I cannot remember how I stumbled across Lightening’s blog originally. The amount of times I have just been surfing around clicking on links and found someone who eventually becomes such an important part of my daily internet life still amazes me. Lightening is one of the people I truly adore – though this may come to her a a surprise because I don’t normally tell people that.

I watched Lightening struggle with Blogger for a long time. The truth is that Blogger is not the most user friendly when it comes to wanting something unique and special. Sure, you can install your own template and change the colors but you really have to know what you’re doing to make it work. Those like me who didn’t have the confidence or technical ability found it much harder. Sephy was the one who made my Blogger theme work – I messed with it for days and just ended up angry and frustrated.

So I’m thrilled you made that move Lightening – and I do think you are probably finding self hosted WordPress to be a lot easier than you expected? I know I am. People often think I am this technically capable person but the truth is – I often have to find how to guides, I often have to ask for help from The Other Half, I’m always learning how to do new things too. So to find now that not only can I do website design to the level that I’ve recently managed, but I can also do graphics that I think look incredible.. If I can do it, anyone can. :)

Remember, you can get out of your niche tooall bloggers are welcome. Just contact me.

Get Out Of Your Niche

Maintaining A Positive Attitude While Chronically Ill

Please welcome Sandy from Fighting Fatigue to the blog –

As someone who has suffered from chronic illness for almost 20 years, I know firsthand how difficult it can be to maintain a positive attitude while sick. But in order to survive, and because my illnesses are “chronic”, never going away, I have had to learn how to deal, adjust and cope despite multiple health problems.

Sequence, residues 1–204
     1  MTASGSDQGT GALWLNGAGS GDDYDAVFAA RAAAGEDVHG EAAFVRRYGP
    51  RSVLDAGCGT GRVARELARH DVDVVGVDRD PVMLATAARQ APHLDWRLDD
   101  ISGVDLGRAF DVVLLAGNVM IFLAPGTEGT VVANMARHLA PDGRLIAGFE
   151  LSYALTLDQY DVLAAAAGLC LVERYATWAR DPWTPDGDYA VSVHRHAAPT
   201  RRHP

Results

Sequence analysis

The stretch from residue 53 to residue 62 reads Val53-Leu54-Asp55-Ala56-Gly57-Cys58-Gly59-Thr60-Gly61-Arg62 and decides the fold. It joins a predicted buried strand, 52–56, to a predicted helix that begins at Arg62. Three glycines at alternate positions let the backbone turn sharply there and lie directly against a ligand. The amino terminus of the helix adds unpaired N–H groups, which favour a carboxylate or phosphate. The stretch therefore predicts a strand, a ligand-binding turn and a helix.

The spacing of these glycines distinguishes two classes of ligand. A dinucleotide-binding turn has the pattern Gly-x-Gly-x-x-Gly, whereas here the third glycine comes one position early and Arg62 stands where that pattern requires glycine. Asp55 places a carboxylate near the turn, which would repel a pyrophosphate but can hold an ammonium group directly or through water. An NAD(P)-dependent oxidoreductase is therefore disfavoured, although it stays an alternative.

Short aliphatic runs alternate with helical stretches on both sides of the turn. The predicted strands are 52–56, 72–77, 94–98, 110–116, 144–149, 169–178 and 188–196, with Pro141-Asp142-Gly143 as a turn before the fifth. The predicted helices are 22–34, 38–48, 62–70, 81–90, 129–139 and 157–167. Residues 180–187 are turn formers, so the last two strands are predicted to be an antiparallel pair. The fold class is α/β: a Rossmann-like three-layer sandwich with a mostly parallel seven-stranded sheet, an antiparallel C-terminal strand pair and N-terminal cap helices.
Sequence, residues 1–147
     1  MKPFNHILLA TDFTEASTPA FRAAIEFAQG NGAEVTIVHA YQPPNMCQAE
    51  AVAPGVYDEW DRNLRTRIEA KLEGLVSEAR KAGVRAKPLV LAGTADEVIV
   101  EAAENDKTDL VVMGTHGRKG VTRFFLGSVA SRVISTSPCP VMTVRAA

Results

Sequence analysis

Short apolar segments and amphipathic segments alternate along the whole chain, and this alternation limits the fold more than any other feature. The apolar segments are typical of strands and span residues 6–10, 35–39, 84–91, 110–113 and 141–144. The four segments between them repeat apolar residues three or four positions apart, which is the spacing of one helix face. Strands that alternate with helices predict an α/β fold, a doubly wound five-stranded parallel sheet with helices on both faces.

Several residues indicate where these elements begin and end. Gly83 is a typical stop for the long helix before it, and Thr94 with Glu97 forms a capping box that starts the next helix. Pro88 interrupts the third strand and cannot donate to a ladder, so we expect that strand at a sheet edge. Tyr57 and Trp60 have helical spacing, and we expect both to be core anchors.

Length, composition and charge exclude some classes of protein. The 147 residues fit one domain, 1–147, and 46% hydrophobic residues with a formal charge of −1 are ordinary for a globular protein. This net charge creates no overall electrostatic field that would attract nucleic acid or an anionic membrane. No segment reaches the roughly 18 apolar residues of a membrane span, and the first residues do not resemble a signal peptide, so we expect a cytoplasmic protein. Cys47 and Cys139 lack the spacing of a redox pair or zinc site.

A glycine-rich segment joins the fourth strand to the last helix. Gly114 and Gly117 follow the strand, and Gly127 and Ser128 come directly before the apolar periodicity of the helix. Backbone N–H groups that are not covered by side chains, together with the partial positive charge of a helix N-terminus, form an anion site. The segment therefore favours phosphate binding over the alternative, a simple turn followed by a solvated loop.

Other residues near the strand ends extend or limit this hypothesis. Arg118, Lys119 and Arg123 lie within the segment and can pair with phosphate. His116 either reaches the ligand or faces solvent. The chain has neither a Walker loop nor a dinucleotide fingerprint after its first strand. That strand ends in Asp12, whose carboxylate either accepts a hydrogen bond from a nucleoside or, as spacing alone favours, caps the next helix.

I have been sick with Chronic Fatigue Syndrome, Fibromyalgia and Interstitial Cystitis for most of my adult life. Being afflicted with just one of these illnesses can be disabling, but put all three together and life can be pretty miserable at times. I have had to give up my career due to my illnesses, but I refuse to let that stop me. Even though I am sick, I do not use that as an excuse to give up on life. I may not be able to do the things I once did, with the same energy and focus, but I am still alive and each day is a gift and I’m grateful to be alive.

I have seen too many people who are sick just give up and not try. I know that being chronically ill takes a toll on a person’s body physically and emotionally. But there are ways to keep from getting depressed and from living in the “pity party” mode 24 hours a day. I don’t want this to sound as though I think I’m better than anyone else who is chronically ill because I’m not. It has taken years of my own pity parties, depression, and mastering coping skills to get to where I am today. I still have times where I think “Why me? Why can’t I go and work like everyone else?” but I only allow myself a five-minute pity party and then I move on.

Here are some coping skills that I have learned over the years to help deal with being chronically ill and in chronic pain: